11. Kaempferol-3-O-α-rhamnoside: A flavonoid contributing to the plant’s pharmacological properties.

12. Kaempferol: A flavonoid known for its antioxidant activity.

13. Quercetin: A well-known flavonoid with various health benefits, found in Milk Thistle.

14. Linoleic Acid: A fatty acid present in the plant, particularly in the seeds.

15. Oleic Acid: Another fatty acid found in Milk Thistle, contributing to its nutritional value.


1. “Comparative Assessment of Phytoconstituents, Antioxidant Activity and Chemical Analysis of Different Parts of Milk Thistle Silybum marianum L” –
2. “Silybum Marianum – an overview” –
3. “Phenolic profile and in vitro antioxidant power of different milk thistle cultivars” –


Contraindications and Safety of Milk Thistle (Silybum marianum)


1. Allergic Reactions: Individuals allergic to plants in the Asteraceae family may also be allergic to milk thistle. Allergic reactions can include rash, pruritus, and anaphylaxis.

2. Pregnancy and Breastfeeding: The safety of milk thistle during pregnancy and breastfeeding is not well-established. Pregnant and breastfeeding women should consult a healthcare provider before using milk thistle.

3. Hormone-Sensitive Conditions: Milk thistle might act like estrogen in the body. Women with hormone-sensitive conditions, such as breast cancer, uterine cancer, ovarian cancer, endometriosis, or uterine fibroids, should avoid using milk thistle.

4. Drug Interactions: Milk thistle can interact with certain medications, including drugs metabolized by the liver’s cytochrome P450 enzyme system, such as statins, birth control pills, and some cancer medications.


1. General Use: Milk thistle extract is generally considered safe for most people when taken by mouth. It is well-tolerated, with few reported side effects.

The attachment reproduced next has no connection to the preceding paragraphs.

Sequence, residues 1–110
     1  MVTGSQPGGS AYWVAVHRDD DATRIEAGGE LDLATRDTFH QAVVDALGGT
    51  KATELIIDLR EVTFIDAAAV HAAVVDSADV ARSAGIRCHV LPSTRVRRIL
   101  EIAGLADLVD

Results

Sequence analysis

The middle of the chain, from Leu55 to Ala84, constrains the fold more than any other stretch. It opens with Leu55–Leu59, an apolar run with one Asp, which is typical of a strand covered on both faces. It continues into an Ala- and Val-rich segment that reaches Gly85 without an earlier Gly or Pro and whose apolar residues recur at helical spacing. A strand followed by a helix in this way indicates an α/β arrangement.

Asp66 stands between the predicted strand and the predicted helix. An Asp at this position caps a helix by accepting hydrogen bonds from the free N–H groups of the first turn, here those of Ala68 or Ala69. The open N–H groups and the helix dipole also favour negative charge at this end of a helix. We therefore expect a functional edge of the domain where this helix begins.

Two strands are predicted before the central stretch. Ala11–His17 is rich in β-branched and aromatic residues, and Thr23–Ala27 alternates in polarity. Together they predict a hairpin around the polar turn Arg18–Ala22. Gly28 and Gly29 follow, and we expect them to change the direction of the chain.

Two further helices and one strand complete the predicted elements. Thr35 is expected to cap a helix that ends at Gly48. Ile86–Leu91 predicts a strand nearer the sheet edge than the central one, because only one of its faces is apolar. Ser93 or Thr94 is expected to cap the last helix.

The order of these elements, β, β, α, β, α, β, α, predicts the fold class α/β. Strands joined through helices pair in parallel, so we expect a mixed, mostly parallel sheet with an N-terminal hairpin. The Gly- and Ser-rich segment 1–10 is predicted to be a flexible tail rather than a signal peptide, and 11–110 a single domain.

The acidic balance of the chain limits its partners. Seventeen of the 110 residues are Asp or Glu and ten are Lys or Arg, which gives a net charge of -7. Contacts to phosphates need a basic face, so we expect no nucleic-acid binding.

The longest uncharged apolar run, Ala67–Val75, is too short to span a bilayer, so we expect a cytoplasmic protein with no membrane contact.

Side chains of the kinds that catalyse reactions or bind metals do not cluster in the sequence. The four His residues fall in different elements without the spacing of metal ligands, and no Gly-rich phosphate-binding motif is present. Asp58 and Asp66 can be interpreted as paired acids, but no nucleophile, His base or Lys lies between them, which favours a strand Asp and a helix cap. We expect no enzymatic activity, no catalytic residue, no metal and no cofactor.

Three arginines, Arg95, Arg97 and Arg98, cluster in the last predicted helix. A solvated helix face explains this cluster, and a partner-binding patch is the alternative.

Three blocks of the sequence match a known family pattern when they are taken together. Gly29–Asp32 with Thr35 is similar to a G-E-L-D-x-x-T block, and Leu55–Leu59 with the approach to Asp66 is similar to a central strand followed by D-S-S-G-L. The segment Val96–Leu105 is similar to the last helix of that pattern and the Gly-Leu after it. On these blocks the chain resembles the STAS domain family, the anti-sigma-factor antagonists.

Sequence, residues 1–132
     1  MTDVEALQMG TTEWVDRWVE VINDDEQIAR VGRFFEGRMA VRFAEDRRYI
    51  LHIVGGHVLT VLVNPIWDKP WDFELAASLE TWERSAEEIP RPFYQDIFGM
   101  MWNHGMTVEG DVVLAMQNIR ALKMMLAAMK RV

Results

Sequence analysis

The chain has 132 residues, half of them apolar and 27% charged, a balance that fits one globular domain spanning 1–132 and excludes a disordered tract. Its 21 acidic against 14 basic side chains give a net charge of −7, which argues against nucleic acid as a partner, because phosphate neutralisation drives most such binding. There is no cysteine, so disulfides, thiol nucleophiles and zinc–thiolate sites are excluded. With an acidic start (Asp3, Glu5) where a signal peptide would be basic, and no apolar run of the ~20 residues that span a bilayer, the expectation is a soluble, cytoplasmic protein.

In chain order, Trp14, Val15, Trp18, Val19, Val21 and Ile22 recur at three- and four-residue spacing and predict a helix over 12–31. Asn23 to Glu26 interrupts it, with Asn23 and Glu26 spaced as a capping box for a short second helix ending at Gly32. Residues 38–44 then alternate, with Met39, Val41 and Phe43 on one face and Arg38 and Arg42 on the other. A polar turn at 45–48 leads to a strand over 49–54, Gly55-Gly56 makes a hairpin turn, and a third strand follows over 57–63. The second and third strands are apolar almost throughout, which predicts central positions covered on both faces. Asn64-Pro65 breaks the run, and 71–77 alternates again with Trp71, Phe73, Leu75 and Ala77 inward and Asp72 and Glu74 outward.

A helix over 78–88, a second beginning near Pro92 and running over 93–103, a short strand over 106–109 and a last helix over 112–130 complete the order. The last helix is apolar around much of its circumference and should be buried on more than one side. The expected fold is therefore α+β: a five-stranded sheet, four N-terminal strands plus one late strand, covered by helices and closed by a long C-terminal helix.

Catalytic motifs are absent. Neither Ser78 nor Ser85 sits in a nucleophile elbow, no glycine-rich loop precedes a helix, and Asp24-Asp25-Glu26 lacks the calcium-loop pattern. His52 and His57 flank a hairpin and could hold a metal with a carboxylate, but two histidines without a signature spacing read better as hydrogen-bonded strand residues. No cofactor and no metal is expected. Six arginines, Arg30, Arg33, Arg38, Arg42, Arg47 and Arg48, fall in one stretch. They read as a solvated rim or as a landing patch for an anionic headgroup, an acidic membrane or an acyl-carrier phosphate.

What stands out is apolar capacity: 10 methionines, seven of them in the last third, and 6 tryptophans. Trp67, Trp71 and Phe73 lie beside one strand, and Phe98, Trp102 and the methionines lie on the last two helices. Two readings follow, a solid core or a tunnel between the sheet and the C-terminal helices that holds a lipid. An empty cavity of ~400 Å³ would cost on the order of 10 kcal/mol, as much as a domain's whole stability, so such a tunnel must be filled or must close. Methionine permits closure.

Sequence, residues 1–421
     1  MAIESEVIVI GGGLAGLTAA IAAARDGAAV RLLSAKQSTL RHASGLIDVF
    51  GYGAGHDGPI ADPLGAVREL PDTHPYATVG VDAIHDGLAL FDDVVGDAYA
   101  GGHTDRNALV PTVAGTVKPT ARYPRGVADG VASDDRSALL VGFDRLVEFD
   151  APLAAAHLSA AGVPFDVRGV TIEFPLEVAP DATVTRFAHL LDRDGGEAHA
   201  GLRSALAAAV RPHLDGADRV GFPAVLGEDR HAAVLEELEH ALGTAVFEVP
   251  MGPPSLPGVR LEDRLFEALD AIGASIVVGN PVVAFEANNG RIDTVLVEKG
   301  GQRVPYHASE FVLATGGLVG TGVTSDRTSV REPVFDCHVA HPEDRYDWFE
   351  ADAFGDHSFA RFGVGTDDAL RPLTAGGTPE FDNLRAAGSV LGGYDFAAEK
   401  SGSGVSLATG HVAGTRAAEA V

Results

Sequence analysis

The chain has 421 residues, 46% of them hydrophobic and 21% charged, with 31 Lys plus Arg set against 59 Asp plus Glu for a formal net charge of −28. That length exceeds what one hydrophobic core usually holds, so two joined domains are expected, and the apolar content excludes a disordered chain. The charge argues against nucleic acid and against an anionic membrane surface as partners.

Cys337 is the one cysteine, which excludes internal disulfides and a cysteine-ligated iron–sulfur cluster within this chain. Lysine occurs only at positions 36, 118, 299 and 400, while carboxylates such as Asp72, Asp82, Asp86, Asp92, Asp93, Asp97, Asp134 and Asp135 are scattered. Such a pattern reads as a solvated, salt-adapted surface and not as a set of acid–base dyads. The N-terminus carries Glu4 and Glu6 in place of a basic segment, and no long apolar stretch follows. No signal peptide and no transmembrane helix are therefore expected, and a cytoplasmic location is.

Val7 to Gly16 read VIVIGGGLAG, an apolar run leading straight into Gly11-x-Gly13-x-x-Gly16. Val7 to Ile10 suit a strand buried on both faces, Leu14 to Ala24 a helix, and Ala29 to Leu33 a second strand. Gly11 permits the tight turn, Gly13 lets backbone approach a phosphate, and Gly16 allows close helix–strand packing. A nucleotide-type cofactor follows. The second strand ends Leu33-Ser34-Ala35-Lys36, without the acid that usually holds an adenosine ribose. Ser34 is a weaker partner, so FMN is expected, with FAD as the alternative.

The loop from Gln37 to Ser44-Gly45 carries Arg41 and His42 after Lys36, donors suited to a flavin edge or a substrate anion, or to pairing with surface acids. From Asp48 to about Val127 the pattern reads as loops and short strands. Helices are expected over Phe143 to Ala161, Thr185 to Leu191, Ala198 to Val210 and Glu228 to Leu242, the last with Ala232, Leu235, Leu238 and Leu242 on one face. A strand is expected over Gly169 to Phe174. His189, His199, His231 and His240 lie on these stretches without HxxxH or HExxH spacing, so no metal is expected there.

2. Gastrointestinal Issues: Some people may experience gastrointestinal issues, such as diarrhea, constipation, nausea, vomiting, and abdominal bloating.

3. Dosage: Milk thistle is considered safe in dosages of 420 mg/day orally in divided doses for up to 41 months. For liver disease treatment, the dosage can be increased as per medical advice.

4. Rare Side Effects: Although rare, some individuals may experience headaches, joint pain, or sexual dysfunction.


1. “MILK THISTLE: Overview, Uses, Side Effects, Precautions, Interactions, Dosing and Reviews” –
2. “Milk thistle Information” –
3. “Milk thistle – Mayo Clinic” –
4. “Safety and toxicity of silymarin, the major constituent of milk thistle extract: An updated review” –
5. “Milk Thistle Uses, Benefits & Dosage” –
6. “Milk Thistle: Benefits and Side Effects” –
7. “Milk Thistle – StatPearls” –
8. “Milk thistle: benefits and contraindications – a complete guide” –
9. “Milk thistle | Complementary and Alternative therapies” –
10. “Milk Thistle: Drug Interactions & Contraindications” –